Over the course of two days, President Joe Biden’s National Security Adviser held a crucial meeting with China’s Foreign Minister on the island nation of Malta. Situated in the Mediterranean, this gathering aimed at responsibly maintaining bilateral relations amidst strained ties and mutual suspicion between the two global powerhouses.
The White House declared Jake Sullivan and Chinese diplomat Wang Yi engaged in “candid, substantive and constructive discussions” as they probed ways to maintain open communication lines. The officials, who previously met in Vienna, dedicated nearly 12 hours of dialogue spread over this two-day meeting in Malta.
Despite a significant trade relationship, Washington and Beijing view each other as competitors. While attending the G20 Summit in India, President Biden engaged in talks with Chinese Premier Li Qiang. The discussion revolved around stability and reportedly lacked confrontation.
In an apparent bid to counterbalance China’s influence in the Pacific region, Biden has pursued stronger ties with Japan, South Korea, India, Vietnam, amongst others. However, the President was quick to dismiss notions of a “cold war” with China during a press conference in Hanoi, Vietnam. He stressed that the alliances were not aimed at containing China, but ensuring a stable base for global economic growth.
Yet, this alliance is not free of contention. Earlier this year, the Biden administration intercepted a Chinese spy balloon transiting over America. The Chinese government infamously hacked the email account of Commerce Secretary Gina Raimondo, while the U.S. responded by limiting the export of advanced computer chips to China. In the midst of these tensions, China’s economic recovery has been sluggish post its pandemic lockdowns, coinciding with President Xi Jinping consolidating his power.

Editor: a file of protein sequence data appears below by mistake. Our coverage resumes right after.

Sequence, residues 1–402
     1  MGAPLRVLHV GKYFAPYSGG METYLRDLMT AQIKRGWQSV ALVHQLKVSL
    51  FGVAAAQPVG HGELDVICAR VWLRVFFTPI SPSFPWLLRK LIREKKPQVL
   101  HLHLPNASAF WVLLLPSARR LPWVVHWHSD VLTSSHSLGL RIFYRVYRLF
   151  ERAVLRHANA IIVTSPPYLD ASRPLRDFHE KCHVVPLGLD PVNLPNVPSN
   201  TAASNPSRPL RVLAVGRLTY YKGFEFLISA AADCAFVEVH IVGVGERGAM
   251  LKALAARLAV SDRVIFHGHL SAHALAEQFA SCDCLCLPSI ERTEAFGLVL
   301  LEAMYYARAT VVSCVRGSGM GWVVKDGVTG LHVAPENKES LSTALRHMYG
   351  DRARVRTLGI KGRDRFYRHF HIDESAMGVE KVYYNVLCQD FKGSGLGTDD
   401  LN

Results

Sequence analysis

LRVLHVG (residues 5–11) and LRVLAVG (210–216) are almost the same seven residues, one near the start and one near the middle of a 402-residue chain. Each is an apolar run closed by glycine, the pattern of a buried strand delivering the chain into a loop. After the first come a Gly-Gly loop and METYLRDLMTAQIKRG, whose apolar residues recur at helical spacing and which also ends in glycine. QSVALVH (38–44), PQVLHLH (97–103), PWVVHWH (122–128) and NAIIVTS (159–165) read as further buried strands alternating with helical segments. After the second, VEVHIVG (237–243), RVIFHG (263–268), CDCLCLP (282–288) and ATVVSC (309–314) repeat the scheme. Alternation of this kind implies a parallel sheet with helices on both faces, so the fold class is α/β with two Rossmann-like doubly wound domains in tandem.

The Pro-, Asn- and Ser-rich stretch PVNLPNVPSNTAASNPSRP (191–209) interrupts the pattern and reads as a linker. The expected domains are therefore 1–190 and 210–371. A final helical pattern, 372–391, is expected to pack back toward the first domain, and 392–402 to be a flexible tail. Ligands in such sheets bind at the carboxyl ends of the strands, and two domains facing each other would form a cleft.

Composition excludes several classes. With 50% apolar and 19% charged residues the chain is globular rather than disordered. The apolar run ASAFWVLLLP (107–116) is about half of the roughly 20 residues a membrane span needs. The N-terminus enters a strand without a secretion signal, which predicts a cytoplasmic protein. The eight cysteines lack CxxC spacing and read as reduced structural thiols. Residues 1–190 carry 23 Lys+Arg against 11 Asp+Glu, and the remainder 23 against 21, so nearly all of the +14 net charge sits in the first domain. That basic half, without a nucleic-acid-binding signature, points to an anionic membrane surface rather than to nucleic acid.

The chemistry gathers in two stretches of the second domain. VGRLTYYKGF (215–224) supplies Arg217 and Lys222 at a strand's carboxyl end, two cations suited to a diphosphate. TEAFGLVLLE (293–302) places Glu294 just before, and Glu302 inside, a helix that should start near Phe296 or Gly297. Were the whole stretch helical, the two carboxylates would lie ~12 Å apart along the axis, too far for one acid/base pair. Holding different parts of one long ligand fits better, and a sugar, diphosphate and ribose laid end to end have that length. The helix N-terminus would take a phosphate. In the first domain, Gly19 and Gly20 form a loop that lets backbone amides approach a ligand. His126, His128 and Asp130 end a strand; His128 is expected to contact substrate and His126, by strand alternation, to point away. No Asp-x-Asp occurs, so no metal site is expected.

During their discussions, Sullivan and Wang examined the mutual relationship, worldwide and regional security issues, Russia’s involvement in Ukraine, and the Taiwan Strait. Other topics included artificial intelligence, counternarcotic endeavors, and the conditions surrounding U.S. citizens detained in China.
There were no talks regarding the whereabouts of Chinese Defense Minister Li Shangfu, who has remained out of public view since late August. This is amidst speculation following the surprising removal of Qin Gang as foreign minister in July.
Leaders across the globe are gearing up for the annual UN General Assembly, including President Biden, scheduled to address the assembly and meet leaders of five Central Asian countries. In contrast, Xi Jinping has been courting these nations, pledging to enhance trade links and co-develop natural resources.
Contradicting any arguments of an ambition to counter Chinese influence, Sullivan stated that the impending summit with Central Asian leaders is a proactive agenda rather than one opposing any particular nation.
Unlike Biden, Xi Jinping did not attend the recent G20 summit in India and is not projected to appear at the General Assembly in New York. However, Biden hopes for a meeting with the Chinese President, the last of which took place last November in Indonesia.
Simultaneously, Sullivan’s diplomacy included a meeting with Malta’s Prime Minister, Robert Abela. The talks revolved around the role of the Mediterranean region in upholding global peace and security, as per a statement from the Maltese government.